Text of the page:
Private sector activities firm as demand returns

Monday, July 6th, 2020 00:00 |
Retailers are warning of further price hikes ahead of end-of-year festivities.

Lewsi Njoka @LewisNjoka

Kenya’s private sector economy firmed up considerably in June following relaxed curfew measures and recovery in sales countrywide.

According to Stanbic Bank’s Purchasing Managers Index (PMI),  while business conditions continued to deteriorate in June due to the Covid-19 pandemic, the rate of deterioration had eased compared to May.

New orders declined amid the pandemic, but “the rate of downturn eased considerably from May, driven by relaxed curfew measures and a recovery in sales at several businesses.”

Jibran Qureishi, Stanbic’s regional economist for East Africa, says the effects of the pandemic could be felt for the next six months while the effects of covid-related job losses could last even longer.

“A resumption in cargo flights in addition to the gradual re-opening of economies around the world, is underpinning external demand,” said Qureishi.

“However, the damage done by Covid-19 could last for the better part of the next 6 months, notwithstanding what official growth statistics may indicate.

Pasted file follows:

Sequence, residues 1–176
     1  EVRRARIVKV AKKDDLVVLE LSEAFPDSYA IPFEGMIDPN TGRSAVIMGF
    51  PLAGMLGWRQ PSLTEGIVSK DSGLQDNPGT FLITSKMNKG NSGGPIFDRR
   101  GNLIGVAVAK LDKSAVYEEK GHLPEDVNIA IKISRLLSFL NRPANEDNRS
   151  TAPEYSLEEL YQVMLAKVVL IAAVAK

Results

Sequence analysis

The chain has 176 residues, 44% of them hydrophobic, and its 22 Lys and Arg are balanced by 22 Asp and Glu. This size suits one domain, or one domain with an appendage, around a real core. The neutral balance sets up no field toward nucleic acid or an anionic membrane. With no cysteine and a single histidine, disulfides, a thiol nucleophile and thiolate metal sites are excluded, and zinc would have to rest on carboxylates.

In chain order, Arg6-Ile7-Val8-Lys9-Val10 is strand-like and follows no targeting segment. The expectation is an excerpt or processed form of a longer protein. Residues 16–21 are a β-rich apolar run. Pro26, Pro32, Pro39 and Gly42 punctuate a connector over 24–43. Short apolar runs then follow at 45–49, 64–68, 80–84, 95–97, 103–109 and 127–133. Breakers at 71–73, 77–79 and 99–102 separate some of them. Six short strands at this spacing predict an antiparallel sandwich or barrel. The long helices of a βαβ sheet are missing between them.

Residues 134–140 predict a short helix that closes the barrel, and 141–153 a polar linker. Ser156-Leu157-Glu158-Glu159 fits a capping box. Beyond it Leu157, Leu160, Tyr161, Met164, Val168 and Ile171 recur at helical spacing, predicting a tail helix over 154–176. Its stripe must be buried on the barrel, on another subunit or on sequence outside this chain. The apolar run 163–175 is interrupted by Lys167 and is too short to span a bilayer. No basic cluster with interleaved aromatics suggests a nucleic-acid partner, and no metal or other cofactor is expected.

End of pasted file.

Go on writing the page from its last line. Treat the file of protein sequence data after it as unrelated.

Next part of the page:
The impact from the loss of jobs and subsequent decline in consumption will probably be felt for a while,” said Qureishi.

Both output and new orders fell at considerably slower rates in Kenya, as reduced curfew hours elongated operating hours which, saw a slight surge in demand.

Index readings stood at 46.6, an indication that business conditions in the country were still declining but at a less severe rate compared to May, which recorded a reading of 36.7.

Readings above 50 on the PMI Index signal an improvement in business conditions compared to the previous month while readings below 50 show deterioration. 50 is considered the neutral threshold.

Retail traders

Retail Traders Association of Kenya (Retrak) chief executive officer Wambui Mbarire attributed the slow deterioration to people adapting to living with the covid-19 shocks.

“I’m sure a lot of it has to do with people adapting to the new normal, that would definitely bring some stability.

Once you establish that this is how life is going to be, it kind of flattens the curve in terms of business,” said Mbarire.

She said shifting curfew commencement time gave consumers more time to shop after work contributing to the eased deterioration of business conditions. 

At the same time, the relaxation of containment measures in Europe resulted in a slight improvement in demand for exports, the first one since February.

However, firms still saw a drop in customer demand overall due to fear of travel.

Amid job losses, overall cost pressures fell for a second month running, due to further salary cuts.

As per the index, which provides an overall view of activity in the Kenyan economy, business conditions in the country have been deteriorating since January.

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